The archaeologists and anthropologists working on the Río Azul project mused over whom to send the residue to for analysis. “Okay, well, who knows the chemistry of chocolate really well?” Stuart says with a chuckle. So, they called the number on the back of a Hershey’s bar and got in touch with W. Jeffrey Hurst, an analytical chemist at the Hershey Food Corporation Technical Center. The chocolate company had labs full of PhDs, where Hurst and chemist colleague Stanley M. Tarka tested the residue.
Sure enough, says Stuart, “they ran the chemical signatures, and they were spot on.” Hershey chemists found caffeine and theobromine in the residue. “The only plant or organic material in all of ancient America that can produce those two chemical signatures together are cacao.”
The vessel wasn’t adorned with prayers at all. Instead, it and similar containers were emblazoned with the name of who it belonged to, and its usage. “We realized they're not writing esoteric stuff. They're writing down something like ‘This is his cup for chocolate,’” Stuart says. Kings and other elite members of society “were trading them around. They were kind of like souvenir mugs.” The glyphs also reveal that the vessel belonged to K’inich Lakamtuun, an early ruler of Río Azul who likely lived around 400 A.D. Other glyphs refer to two different varieties of chocolate, which perhaps are “long-lost place names that gave particular growing-spots, like our wine varieties,” Stuart notes in an email.
At the time, cacao residue from Río Azul was the earliest discovered chocolate. But that didn’t last long. After Stuart and others published papers on the vessel and its residue, other people started testing ceramics as well. It turned out that cacao was the most common glyph upon Maya ceramics. The Río Azul vessel “jumpstarted a lot of research in the decipherment of what’s written on pots,” Stuart says. Later, Stuart would write that much of the progress in the 1980s and early ‘90s was due to the study of “repetitious and highly formulaic pottery texts.”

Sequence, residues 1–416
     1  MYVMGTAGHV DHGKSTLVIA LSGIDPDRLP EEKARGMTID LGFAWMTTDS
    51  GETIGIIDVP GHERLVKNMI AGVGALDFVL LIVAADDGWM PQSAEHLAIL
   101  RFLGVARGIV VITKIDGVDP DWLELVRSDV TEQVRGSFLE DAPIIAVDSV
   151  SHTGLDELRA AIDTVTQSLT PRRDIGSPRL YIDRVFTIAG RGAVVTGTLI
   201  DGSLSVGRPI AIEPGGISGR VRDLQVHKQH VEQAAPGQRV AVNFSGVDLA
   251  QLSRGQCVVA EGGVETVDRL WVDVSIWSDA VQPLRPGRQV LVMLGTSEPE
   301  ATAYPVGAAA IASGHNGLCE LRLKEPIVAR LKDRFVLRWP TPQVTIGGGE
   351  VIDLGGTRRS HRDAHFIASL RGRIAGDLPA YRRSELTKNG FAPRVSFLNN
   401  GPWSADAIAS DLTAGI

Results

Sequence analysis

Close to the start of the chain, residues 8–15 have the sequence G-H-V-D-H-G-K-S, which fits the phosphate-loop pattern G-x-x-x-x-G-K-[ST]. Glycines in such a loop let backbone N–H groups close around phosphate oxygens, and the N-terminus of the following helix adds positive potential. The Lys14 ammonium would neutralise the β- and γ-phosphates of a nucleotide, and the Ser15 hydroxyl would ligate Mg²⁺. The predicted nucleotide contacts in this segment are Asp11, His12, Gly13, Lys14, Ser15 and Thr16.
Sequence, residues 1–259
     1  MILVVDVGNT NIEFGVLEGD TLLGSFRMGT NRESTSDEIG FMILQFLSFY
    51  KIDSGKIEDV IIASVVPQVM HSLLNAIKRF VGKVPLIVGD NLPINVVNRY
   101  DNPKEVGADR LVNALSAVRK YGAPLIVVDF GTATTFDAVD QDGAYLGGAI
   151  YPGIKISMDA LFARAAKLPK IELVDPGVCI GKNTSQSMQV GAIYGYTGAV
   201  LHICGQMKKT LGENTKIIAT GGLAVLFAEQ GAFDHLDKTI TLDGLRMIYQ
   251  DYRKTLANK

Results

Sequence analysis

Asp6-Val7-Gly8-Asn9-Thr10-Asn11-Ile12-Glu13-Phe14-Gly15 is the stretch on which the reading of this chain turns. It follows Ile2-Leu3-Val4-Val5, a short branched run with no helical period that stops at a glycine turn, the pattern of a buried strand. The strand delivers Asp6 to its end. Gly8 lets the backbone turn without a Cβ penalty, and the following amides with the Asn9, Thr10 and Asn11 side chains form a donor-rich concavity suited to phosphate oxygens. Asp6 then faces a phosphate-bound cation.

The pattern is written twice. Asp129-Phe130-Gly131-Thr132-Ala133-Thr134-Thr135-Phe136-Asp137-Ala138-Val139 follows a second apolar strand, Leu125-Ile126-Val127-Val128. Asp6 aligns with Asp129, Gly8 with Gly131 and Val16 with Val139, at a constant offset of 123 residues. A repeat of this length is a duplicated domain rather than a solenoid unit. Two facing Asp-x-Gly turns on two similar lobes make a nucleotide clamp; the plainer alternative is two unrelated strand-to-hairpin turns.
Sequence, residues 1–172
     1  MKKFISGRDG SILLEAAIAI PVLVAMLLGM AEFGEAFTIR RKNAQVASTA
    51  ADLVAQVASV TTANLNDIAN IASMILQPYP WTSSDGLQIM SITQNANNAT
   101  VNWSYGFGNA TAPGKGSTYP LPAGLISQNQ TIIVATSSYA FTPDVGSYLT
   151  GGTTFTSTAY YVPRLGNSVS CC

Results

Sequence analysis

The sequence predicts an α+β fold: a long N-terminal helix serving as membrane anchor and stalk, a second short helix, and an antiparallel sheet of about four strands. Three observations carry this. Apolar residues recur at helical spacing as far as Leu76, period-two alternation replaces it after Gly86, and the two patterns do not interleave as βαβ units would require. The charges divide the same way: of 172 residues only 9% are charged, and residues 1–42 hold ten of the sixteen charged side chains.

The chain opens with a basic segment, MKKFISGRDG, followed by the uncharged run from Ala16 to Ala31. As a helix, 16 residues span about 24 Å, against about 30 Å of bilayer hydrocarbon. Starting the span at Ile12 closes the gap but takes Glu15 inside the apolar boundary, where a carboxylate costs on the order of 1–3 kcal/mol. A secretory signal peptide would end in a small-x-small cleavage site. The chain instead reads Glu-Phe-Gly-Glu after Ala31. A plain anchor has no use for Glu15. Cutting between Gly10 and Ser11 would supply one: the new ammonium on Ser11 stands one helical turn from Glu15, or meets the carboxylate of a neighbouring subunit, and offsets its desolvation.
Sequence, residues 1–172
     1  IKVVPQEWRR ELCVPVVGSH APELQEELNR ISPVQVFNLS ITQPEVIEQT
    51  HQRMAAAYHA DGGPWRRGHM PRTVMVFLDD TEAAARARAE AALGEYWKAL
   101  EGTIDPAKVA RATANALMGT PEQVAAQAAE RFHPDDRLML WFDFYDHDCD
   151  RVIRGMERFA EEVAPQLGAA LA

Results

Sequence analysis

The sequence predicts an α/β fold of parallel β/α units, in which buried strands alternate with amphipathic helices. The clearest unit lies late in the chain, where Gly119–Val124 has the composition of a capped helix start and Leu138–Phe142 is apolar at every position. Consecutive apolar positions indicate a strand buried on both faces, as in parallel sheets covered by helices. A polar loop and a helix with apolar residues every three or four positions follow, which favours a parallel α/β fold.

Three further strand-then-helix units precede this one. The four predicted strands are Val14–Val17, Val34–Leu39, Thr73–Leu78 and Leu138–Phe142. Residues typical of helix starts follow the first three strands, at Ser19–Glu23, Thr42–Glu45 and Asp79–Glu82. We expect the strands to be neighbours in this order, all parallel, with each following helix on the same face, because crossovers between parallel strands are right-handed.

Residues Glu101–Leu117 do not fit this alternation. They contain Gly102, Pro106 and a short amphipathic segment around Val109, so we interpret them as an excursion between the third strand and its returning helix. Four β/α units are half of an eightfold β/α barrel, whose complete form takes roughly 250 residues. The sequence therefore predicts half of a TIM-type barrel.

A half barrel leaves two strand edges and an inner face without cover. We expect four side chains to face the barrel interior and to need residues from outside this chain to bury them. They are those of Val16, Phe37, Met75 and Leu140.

While many historians and linguists once doubted that Maya glyphs had much to say, scholars can now read over 90 percent of them, and they have provided historical, political, and anthropological insights. Today, the Río Azul vessel resides in the Museo Nacional de Arqueología y Etnología in Guatemala, having played its own small but sweet role.
In the center of Stockholm's Old Town, you can find a strange sign covered with Viking runes that leads down a staircase into a dark basement. Once inside, you'll encounter a hall with large, sheepskin-covered wooden benches and walls decorated with weapons, shields, and furs. Welcome to Aifur, a restaurant devoted to Viking food, drink, and decor.
Those who booked in advance will get announced by horn and receive a loud welcome from the other diners. When you sit down and look through the menu, you'll notice that each item is tied to Viking history and legend, with many dishes utilizing ingredients available during the Viking Age (800 to 1050 CE). Diners can feast on beautifully arranged meals featuring root vegetables, reindeer heart, and lamb, quenching their thirsts with mead, ales flavored with bog myrtle and fir, and sweet juices.
Aifur is the brain child of E-type, a famous musician in the Eurodance genre, who opened the restaurant in 2011. He can still be seen eating there regularly and generally likes being recognized. So don't feel bad walking up to talk to him.